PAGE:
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Is Islam A Threat to Freedom of Expression
February 2, 2014
Date & Time: Sunday, 16 February 2014, 10AM-1PM
Venue: Conference Room, Global Movement of Moderates Foundation, Level 15 Menara Manulife, Damansara Heights, KL
“Everyone has the right to freedom of opinion and expression; this right includes freedom to hold opinions without interference and to seek, receive and impart information and ideas through any media and regardless of frontiers.”
[Universal Declaration of Human Rights, Article 19 ]
Freedom of expression has always been a bone of contention between the Islamic world and the West. It has been argued that we have reached this stage of our history by ending the control of the Catholic Church on what could and could not be said or written in public. So-called heretics were killed at the stake to help secure freedom of religion, thought, and expression. Therefore these freedoms are deemed sacrosanct.
However it is generally perceived that the exercise of freedom of expression by a segment of the secular establishment, mainly among members of the literary and intellectual elite in the West, in relation to Islam, constitutes a major obstacle in the search for common grounds between the Islamic world and the West. Due to historical factors, the church seems to have assented to the continuous secular attacks on Christianity.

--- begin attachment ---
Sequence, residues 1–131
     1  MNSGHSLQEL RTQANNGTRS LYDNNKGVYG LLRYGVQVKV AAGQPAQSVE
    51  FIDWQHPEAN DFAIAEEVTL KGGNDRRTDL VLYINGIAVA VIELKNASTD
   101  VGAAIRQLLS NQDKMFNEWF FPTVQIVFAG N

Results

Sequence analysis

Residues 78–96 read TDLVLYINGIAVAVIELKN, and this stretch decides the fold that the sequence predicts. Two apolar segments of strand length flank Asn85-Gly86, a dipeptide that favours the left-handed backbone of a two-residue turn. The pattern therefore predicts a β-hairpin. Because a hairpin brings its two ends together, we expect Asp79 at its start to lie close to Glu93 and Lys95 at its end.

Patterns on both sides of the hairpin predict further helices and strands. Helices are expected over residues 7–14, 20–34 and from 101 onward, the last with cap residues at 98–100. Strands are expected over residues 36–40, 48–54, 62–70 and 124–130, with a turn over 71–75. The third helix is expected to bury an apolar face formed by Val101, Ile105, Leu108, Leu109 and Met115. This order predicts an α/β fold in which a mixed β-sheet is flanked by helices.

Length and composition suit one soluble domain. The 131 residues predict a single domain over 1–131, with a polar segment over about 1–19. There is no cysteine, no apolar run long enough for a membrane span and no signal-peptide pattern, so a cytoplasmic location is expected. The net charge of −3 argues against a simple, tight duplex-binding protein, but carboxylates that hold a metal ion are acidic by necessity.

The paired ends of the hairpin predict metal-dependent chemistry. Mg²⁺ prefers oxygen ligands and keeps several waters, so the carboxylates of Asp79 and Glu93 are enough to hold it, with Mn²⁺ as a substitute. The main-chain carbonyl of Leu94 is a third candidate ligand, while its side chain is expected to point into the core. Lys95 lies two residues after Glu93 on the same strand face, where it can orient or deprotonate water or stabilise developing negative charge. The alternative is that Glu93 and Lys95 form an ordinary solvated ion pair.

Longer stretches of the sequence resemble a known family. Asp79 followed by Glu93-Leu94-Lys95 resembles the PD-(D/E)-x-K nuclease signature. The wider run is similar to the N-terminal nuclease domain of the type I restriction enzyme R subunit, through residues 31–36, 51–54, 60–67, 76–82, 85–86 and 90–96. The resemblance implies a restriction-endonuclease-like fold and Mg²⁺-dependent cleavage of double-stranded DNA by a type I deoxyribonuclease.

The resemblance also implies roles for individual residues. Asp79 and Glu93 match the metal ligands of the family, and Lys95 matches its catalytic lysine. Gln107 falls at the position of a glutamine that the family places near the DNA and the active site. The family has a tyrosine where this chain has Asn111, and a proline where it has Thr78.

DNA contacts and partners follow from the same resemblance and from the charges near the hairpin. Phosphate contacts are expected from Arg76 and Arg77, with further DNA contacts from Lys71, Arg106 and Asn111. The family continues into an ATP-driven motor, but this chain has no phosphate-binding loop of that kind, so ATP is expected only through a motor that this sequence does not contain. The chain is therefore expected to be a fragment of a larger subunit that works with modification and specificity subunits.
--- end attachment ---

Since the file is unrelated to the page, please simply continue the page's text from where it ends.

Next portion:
Some examples in this regard are Dan Brown’s Da Vinci Code and Martins Scorsese’s The Last Temptation of Christ. To this segment of Western secular cultural thinkers, nothing is sacred. The video, The Innocence of Muslims and the publication of a series of cartoons satirizing Prophet Muhammad by the Danish newspaper, Jyllad Posten, marked a new height in the secular assault on the taboos of Islam since the publication of Salman Rushdie’s book The Satanic Verses in 1988.
The various reactions this event engendered from across the Muslim world and the controversy that ensued, point to a new dimension on the strained relations between Islam and the West, shaped by interactions between forces of religion, globalization, and liberalism. This forum will try to dissect the intricacies of such matters with regard to freedom of expression.
1000-1010: Opening speech by the chairperson, Dr Fuad Nurhadi
1010-1020: Welcoming speech by Dato Saifudddin Abdullah, CEO, GMMF
1020-1030: Speech by moderator, Dr Ahmad Farouk Musa
1030-1100: Speech by Dr Azmi Sharom
1100-1130: Speech by Mustafa Akyol